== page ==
Sound — 10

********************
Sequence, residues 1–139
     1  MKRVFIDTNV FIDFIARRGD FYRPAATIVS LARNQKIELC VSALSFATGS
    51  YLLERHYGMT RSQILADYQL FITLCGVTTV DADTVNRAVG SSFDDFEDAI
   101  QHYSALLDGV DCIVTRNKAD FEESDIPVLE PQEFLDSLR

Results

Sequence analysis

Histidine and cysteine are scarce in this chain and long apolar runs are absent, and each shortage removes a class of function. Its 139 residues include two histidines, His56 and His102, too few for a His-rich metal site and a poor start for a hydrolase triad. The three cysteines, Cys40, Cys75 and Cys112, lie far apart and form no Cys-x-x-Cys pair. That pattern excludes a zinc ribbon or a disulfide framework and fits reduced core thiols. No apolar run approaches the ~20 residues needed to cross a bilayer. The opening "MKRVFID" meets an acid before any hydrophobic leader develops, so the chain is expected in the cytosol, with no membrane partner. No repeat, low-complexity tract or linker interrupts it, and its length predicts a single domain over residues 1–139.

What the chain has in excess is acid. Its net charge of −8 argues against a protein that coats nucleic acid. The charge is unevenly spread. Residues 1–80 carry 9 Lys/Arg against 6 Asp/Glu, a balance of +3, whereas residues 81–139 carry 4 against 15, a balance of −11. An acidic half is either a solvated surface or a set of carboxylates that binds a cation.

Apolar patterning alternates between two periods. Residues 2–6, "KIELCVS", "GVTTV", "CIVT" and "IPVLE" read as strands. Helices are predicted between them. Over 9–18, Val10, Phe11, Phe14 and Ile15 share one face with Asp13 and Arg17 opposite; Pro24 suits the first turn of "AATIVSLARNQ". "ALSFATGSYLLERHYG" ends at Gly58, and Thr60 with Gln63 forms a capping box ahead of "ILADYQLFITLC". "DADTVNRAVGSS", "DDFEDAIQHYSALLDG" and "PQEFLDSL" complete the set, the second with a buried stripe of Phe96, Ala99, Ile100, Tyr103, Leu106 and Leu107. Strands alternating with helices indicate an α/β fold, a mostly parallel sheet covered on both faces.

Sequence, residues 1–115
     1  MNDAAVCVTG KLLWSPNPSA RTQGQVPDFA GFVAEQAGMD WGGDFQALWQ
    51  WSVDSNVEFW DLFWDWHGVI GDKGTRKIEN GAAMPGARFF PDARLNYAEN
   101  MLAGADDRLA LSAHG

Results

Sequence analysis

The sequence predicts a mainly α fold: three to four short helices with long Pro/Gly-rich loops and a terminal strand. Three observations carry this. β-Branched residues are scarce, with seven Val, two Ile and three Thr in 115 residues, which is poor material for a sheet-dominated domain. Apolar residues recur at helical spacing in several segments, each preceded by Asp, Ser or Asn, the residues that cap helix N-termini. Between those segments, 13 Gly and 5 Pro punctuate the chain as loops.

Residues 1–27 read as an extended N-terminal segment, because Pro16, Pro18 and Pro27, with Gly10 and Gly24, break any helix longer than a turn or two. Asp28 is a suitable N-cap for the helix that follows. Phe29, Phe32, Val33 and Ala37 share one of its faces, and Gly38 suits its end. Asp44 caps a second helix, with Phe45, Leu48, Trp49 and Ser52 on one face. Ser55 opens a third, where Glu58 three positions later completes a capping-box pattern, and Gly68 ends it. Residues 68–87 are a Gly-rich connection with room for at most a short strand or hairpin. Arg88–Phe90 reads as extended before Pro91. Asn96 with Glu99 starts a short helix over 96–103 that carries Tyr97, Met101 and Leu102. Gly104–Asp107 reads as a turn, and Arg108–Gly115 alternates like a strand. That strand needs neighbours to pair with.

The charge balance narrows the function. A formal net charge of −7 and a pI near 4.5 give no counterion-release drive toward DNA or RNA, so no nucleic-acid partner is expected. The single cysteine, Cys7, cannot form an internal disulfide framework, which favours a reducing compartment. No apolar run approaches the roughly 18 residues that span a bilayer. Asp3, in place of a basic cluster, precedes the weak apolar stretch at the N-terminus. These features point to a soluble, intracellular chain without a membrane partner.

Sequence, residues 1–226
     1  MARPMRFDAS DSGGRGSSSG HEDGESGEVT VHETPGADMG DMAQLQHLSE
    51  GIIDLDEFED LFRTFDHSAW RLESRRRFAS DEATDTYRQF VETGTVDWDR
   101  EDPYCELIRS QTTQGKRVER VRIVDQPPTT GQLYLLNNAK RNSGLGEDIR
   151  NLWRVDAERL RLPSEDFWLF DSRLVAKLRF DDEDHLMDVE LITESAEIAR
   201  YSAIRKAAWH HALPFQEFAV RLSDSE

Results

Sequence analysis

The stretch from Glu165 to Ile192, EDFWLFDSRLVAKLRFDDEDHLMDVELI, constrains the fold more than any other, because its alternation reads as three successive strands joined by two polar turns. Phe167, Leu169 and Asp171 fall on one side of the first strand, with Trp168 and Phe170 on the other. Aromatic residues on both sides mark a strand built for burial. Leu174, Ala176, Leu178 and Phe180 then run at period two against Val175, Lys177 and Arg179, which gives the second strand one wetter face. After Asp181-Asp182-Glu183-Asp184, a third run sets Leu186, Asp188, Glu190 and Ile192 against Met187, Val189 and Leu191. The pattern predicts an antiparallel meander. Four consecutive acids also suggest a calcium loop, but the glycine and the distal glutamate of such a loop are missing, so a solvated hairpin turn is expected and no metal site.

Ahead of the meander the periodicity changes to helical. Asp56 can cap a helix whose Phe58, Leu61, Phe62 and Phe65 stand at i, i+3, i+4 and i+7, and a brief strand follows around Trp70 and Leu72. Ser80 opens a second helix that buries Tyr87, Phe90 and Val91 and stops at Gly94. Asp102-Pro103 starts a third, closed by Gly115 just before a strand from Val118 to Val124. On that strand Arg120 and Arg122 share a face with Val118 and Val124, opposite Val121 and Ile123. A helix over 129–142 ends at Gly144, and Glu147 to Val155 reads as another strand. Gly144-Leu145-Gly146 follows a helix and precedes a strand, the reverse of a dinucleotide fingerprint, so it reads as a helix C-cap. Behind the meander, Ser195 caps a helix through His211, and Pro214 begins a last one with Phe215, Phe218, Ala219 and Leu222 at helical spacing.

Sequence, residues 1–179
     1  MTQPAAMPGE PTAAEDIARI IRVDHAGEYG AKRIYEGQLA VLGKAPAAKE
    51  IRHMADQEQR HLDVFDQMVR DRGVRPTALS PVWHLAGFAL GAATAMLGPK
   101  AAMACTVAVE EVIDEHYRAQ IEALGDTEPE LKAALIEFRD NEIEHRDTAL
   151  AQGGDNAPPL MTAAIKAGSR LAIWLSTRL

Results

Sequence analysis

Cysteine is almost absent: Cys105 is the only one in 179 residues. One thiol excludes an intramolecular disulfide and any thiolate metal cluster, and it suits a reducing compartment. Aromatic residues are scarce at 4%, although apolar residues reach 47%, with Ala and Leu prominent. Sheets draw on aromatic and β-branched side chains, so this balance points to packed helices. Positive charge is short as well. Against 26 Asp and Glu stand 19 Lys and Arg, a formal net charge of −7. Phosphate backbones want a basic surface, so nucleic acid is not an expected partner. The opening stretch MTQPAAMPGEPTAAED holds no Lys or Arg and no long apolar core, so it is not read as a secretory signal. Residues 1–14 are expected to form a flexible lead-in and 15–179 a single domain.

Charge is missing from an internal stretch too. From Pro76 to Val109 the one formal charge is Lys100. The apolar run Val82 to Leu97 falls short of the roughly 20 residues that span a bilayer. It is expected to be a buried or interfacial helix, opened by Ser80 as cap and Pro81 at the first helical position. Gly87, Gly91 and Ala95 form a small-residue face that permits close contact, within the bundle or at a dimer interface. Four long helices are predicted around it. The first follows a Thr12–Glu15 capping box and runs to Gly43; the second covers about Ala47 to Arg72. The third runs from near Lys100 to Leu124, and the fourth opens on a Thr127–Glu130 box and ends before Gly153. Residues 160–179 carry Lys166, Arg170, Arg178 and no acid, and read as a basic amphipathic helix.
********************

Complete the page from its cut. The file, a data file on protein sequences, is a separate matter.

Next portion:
Containig the Police's most upbeat and most reggae influenced album in their collection, this album runs neck and neck with Regatta de Blanc as my favourite Police album. Boosting a flashing scrapbook like cover and inlay, the colours tell you might not survive this ride. This was the 'Revolver' for the Police, the final push before moving into genius. The quality of the sound is cheap but this really improves it (no offence to anyone who bought the S.A.C.D.), the album was rushed before the Police were about to tour Africa and needed another album.The Police were an extremely talented three piece, and similar to Eastern art, what is not played in this album is as good as, what is. The Police sound is spacious (mostly due to Andy Summer's heavily reverbed guitar), and Andy Summers really knew when to play and when not to play. His use of Ninth and Suspended chords along with a lot of echo help generate a sound that is very underrated and something the punks could never have pulled off. Outlandos d'Amour was the best album for Stewart Copeland's drumming, he has learned to slow down and his technical drumming (removing the snare drum from 4/4 rock drumming) use the snare drums allot, but, as always, he plays as crazily as his hair. He ends ever song with every snare drum going. When the Police plated live, Copeland would often the improvise drum solos to fill time in their short shows. The album contains no drum fills, but we do hear Copeland playing double bass in the punky instrumental 'The Other Way of Stopping'. Sting chooses his bass style because it is the easiest to sing to, but the grooves he plays are almost showing off, though not as 'Driven To Tears' is a great song, Sting chooses his bass style because it is the easiest to sing to, but the grooves he plays are almost showing off, though not as technical as Entwhistle or even McCartney in the latter years, it is complicated in it's simplicity. The light and refreshing 'Canary In a Coalmine' shows Summer's first obvious multi-tracking, in fact this is the ONLY obvious multi-tracking. The reggae-chopping chords are layered with a fun-bass-line and a speedy guitar line, before you could only hear little multi-tracked guitars in the fade-outs ('Message In a Bottle' and 'Every Breath You Take'). This song also shows the first piano solo in a Police song and the first all the way through multi-tracked vocals from Sting. It's obvious they were using an eight-track. The No.1 from the album is 'Don't Stand So Close To Me' the opening of the album and I first heard this on the greatest hits. I thought it would be another cheesy 'When WE Dance' kinda song, boy was I wrong. Even the video was pretty O.T.T. (Sting pulls off his shirt at the end and Andy Summers gets on his knees for the 'solo'). The song is well worth listening to. My favourite song on the album is 'De Do Do Do, De Da Da Da', the guitar in incredible, a mixture of major and ninth chords it sounds simple but is not for the beginner. However, this song is my favourite because of the video. It's a real Christmassy video and shows the worst bass mining in the world. The appreigos in the verse are unusual and I can't find a good tab anywhere for them. 'Man In A Suitcase' is my second favourite, the solo is unusual because it's not in key and has no relevance to any rhythm within the verse. This is highly reggae influenced with the best drumming on the album. It should have been a single but wasn't, and like songs like 'Peanuts' and 'Next To You' these tracks dissolve into writing on the back of the album and are always skipped in favour of the hits. One song that really impressed me was 'When the World Is Running Down You Make The Best f What's Still Around', this is the only song on the album that could follow 'Driven To Tears'. It draws on suspended chords on the offbeat, but what really stands out is something extremely rare in seventies, a bass solo. Worst song on the album has to be 'Voices Inside my Hide'. It has one line. A good instrumental that needs some good lyrics to turn it into a song instead of a jam, but like most Police album, there is at least one obvious filler.